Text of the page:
Daughters of shooting victim say signs were everywhere - San Diego, California Talk Radio Station - 760 KFMB AM - 760kfmb

Daughters of shooting victim say signs were everywhere

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SAN DIEGO (CBS 8) – The daughters of a woman gunned down in the Gaslamp Quarter over the weekend came forward on Tuesday to tell their side of the tragedy that led up to their mother's murder.

Deborah Gotell's daughters say they ignored their instincts when it came to their stepfather, Joseph. They say the warning signs were everywhere in the couple's relationship and their own interactions with their step-father.

"He wanted to know every aspect of her life and didn't give her much room to breathe," says daughter Tahira. "He called my phone threatening if I don't bring her back, he's going to get me."

83-year-old Joseph Gotell is accused of fatally shooting his 57-year-old wife in the Gaslamp Quarter on Saturday, where she was taking care of her mother, who is in hospice.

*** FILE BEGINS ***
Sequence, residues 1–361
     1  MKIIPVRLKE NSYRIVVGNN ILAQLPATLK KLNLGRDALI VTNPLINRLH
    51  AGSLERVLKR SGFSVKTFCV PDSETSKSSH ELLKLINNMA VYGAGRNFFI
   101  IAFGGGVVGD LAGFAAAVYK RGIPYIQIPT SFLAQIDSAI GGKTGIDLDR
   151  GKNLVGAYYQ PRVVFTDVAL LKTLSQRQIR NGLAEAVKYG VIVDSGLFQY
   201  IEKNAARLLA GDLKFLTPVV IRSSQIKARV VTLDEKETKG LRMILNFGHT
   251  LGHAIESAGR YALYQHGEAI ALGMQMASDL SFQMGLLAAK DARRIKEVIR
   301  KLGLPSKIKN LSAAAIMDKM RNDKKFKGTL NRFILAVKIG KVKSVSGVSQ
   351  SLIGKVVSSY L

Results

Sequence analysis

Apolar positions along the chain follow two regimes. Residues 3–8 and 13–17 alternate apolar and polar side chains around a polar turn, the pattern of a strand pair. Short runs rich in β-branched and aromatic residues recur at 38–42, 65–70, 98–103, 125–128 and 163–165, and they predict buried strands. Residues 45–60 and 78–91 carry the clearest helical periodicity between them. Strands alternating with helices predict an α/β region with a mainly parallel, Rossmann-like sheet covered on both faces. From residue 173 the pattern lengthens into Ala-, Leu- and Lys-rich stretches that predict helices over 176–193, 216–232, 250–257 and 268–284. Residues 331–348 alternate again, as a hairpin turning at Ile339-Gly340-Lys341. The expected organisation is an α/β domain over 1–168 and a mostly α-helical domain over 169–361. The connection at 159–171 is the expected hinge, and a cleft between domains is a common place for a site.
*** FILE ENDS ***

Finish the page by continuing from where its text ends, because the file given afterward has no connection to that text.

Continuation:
The couple had recently separated, but family members say Joseph was possessive and hunted Deborah down. Her daughters say they didn't expect the turmoil to get to this level of violence.

"I feel we underestimated verbal and psychological abuse," says daughter Jael. "We didn't believe it would escalate to that point."

Deborah's children say their mother always saw the good in people and felt obligated to help Joseph in his old age. But unlike her older sisters, Nefera Croom had harsher words for her step-father.

"He's a monster and I don't forgive him," she sobbed at a news conference on Tuesday night. "Why did you do this?"

Croom says she tried to gently intervene several months ago after witnessing Joseph peppering her mother with insults, accusations, and threats.

"I'd be like ‘Mom, you don't need this.' You know, definitely conveying to her that ‘you don't have to feel obligated to be with someone who is not going to respect and appreciate you,'" Croom says.

The three women admit they're now battling feelings of regret, guilt, and anger. But they say they want their mother's tragic death to serve as an important wake-up call to other women who are choosing to stay in an abusive relationship.

"There's a lot of Josephs and Deborahs out there right now and if you know any of them, intervene."

If you or someone you know needs help or information about domestic violence, YWCA of San Diego County can help. Go to http://www.ywcasandiego.org or call 619-239-0355.

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